Just like the original article, Unbelievable begins in 2008 with Marie Adler (played expertly by Kaitlyn Dever, who earlier this year had a star-making turn in Booksmart), an 18-year-old woman living in Lynnwood, Washington. Marie is in the midst of trauma, huddled on the floor, nearly catatonic with shock as she describes her alleged rape first to a police officer, then a detective, then another detective, then a nurse, on and on and on until she's drowning in the details. Throughout Marie's retelling, we see flashbacks of the assault from her perspective, an important decision by Grant that echoes Armstrong and Miller's choice to center the narrative on the victim rather than the rapist. It also allows viewers to experience the brutality of the assault without devolving into the kind of rape-porn that shows with similar themes risk indulging in. Showing Marie's perspective helps us empathize with her every step of the way, even when her decisions seem confounding.
Police begin to doubt Marie's account of her assault, and as Marie goes from victim to suspect, we also become painfully aware of the misconceptions that still color who society sees as a reliable witness and someone worthy of being listened to. The cops convince themselves that Marie's behavior make her inherently unreliable, and they eventually decide to charge Marie with filing a false report. Her lawyer advises her to take a plea deal, which she does, creating a ripple effect that has devastating consequences on her life.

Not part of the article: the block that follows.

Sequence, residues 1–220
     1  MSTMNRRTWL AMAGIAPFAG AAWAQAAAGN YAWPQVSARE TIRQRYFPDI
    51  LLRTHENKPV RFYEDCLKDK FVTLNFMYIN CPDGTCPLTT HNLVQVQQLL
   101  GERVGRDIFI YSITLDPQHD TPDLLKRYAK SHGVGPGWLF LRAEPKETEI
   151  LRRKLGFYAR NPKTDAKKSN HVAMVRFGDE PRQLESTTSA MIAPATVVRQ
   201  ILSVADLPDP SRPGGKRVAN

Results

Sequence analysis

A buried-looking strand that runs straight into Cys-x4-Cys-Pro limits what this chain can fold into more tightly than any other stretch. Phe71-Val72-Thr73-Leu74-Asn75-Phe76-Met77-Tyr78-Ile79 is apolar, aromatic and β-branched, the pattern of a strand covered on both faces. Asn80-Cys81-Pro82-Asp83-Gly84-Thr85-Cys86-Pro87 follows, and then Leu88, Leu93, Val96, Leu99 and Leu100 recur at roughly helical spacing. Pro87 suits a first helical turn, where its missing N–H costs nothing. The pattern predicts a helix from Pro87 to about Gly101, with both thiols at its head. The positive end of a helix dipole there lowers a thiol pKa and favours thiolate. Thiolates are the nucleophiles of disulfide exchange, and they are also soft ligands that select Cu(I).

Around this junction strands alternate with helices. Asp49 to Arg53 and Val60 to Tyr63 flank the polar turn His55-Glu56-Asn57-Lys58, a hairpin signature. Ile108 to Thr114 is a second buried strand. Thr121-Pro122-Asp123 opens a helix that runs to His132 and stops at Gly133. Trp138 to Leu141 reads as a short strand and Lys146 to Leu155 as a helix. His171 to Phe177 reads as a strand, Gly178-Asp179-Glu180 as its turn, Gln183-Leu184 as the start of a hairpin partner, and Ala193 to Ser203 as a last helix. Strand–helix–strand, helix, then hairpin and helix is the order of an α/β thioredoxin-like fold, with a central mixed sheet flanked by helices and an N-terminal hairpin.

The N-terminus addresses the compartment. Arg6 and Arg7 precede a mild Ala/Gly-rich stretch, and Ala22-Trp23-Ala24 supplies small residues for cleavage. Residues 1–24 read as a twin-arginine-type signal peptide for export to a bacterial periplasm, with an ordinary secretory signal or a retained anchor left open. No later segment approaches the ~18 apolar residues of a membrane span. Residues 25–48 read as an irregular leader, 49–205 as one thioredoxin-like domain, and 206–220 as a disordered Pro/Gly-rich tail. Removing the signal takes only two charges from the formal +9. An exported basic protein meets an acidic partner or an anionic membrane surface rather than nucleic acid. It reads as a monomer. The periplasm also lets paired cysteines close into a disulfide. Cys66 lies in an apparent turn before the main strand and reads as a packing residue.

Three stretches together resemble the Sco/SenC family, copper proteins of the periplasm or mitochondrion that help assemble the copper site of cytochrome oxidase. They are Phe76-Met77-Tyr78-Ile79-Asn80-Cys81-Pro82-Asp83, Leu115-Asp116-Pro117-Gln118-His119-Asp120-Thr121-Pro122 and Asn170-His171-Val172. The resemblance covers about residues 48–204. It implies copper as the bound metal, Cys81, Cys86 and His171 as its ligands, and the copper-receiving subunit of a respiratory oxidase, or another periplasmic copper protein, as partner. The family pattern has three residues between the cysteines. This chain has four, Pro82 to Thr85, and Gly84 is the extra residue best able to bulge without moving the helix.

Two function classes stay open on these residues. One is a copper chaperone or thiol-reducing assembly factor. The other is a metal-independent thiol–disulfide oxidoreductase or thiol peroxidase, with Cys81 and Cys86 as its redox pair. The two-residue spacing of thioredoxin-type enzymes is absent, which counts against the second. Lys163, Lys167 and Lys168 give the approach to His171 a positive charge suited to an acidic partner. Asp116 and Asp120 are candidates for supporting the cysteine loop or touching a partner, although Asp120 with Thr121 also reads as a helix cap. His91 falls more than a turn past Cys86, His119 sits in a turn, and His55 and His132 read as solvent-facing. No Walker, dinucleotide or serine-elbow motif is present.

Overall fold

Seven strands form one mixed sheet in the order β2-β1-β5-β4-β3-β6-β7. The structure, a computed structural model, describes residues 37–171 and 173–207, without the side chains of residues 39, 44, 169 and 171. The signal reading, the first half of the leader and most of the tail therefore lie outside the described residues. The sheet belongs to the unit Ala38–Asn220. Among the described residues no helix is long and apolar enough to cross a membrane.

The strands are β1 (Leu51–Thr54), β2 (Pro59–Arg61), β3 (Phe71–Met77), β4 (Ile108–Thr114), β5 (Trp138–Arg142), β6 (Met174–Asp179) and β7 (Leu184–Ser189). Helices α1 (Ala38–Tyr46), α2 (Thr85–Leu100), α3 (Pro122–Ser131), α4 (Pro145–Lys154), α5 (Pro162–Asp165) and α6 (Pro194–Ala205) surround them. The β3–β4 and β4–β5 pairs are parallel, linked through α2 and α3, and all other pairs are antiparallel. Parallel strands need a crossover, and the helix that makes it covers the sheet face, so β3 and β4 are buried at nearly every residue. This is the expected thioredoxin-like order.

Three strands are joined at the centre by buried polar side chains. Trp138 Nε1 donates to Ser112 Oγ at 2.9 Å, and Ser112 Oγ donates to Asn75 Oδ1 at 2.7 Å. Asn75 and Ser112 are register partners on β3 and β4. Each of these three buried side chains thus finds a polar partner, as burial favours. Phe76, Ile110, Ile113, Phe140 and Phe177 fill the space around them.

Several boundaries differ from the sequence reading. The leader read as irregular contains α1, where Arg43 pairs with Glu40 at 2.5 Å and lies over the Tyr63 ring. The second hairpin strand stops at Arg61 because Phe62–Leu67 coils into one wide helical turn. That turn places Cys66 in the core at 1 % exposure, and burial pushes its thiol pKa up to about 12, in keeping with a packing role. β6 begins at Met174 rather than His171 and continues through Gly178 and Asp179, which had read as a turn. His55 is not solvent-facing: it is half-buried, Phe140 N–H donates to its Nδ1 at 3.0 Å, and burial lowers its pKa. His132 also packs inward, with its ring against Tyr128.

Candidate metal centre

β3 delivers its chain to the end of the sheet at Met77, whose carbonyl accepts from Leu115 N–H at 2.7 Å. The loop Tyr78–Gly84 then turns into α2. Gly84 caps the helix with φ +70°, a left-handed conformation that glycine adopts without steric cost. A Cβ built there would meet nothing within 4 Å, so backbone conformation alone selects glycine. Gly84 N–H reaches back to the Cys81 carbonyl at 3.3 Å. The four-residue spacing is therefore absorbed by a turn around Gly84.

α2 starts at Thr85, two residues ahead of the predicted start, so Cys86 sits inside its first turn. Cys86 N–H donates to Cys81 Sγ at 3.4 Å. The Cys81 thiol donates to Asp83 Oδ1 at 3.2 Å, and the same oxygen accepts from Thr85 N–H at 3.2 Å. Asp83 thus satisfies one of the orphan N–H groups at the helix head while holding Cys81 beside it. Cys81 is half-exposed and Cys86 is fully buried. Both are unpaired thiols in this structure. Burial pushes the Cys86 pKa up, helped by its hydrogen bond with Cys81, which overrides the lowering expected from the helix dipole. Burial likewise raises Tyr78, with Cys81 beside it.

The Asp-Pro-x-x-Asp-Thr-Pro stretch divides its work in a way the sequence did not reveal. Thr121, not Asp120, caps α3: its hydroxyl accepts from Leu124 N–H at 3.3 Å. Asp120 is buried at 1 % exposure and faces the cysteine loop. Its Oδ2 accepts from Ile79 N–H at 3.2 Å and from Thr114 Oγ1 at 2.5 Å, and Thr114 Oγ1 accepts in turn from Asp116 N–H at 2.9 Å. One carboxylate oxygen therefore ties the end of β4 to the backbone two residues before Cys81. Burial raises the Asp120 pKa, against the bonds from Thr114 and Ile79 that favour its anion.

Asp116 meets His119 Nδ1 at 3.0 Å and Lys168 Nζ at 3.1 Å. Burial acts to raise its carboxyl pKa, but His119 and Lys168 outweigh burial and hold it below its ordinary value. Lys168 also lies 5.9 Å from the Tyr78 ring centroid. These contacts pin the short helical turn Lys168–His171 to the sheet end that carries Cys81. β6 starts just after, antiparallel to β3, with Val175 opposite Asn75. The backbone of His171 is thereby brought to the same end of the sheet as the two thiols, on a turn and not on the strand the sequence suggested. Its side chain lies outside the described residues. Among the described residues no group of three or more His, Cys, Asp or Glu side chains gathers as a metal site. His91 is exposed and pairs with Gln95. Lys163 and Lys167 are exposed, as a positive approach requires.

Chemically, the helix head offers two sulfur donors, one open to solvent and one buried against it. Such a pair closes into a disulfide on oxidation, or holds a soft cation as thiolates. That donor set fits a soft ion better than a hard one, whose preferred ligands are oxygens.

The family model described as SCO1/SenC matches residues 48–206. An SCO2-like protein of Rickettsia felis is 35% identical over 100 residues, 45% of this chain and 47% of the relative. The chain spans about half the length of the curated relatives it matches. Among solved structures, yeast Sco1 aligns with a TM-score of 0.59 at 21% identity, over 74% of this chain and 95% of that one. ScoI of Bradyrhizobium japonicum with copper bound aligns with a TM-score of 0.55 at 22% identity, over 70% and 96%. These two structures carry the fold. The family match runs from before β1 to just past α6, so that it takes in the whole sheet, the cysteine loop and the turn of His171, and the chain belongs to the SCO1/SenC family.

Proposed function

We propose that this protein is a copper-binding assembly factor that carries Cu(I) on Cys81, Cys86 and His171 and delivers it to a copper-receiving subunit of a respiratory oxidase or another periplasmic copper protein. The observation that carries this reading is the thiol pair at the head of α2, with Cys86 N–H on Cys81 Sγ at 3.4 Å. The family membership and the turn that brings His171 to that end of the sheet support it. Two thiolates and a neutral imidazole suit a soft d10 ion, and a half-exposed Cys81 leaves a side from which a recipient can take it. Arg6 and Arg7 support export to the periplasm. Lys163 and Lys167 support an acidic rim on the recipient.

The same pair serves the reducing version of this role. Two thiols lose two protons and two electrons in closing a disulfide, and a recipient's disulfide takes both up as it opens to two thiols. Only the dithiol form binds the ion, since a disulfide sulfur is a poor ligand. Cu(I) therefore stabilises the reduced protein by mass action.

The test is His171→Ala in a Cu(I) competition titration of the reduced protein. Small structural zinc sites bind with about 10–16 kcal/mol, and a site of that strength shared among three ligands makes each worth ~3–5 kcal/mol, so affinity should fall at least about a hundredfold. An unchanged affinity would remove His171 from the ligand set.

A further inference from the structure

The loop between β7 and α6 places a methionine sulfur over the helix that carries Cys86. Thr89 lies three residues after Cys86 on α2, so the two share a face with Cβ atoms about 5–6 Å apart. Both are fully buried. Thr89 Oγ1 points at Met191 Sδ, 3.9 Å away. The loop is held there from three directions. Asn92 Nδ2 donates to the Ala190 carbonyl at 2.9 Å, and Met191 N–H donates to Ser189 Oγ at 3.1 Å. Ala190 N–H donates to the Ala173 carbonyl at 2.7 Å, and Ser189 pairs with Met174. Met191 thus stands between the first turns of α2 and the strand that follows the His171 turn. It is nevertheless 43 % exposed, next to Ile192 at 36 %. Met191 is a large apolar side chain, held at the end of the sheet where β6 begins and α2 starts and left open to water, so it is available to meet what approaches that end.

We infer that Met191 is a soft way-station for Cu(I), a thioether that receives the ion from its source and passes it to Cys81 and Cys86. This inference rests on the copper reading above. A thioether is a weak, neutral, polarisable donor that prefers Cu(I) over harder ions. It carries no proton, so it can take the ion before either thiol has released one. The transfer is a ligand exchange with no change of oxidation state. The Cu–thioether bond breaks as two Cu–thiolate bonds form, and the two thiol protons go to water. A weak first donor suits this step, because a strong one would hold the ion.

How could a sexual assault victim admit to lying when she's told the truth? Marie has been in and out of the foster system her whole life, and she's used to being mistrusted, let down, manipulated and deceived. It's easy to see why she unravels when the two male detectives in charge of her case start to question her story, badger her into doubting herself, and become suspicious of her responses to trauma. Under this duress, she claims that she made it all up, hoping for the whole episode go away. It may seem counterintuitive or unlikely to anyone watching from the comfort of home, but one of the series' strengths is making Marie's decision feel inevitable.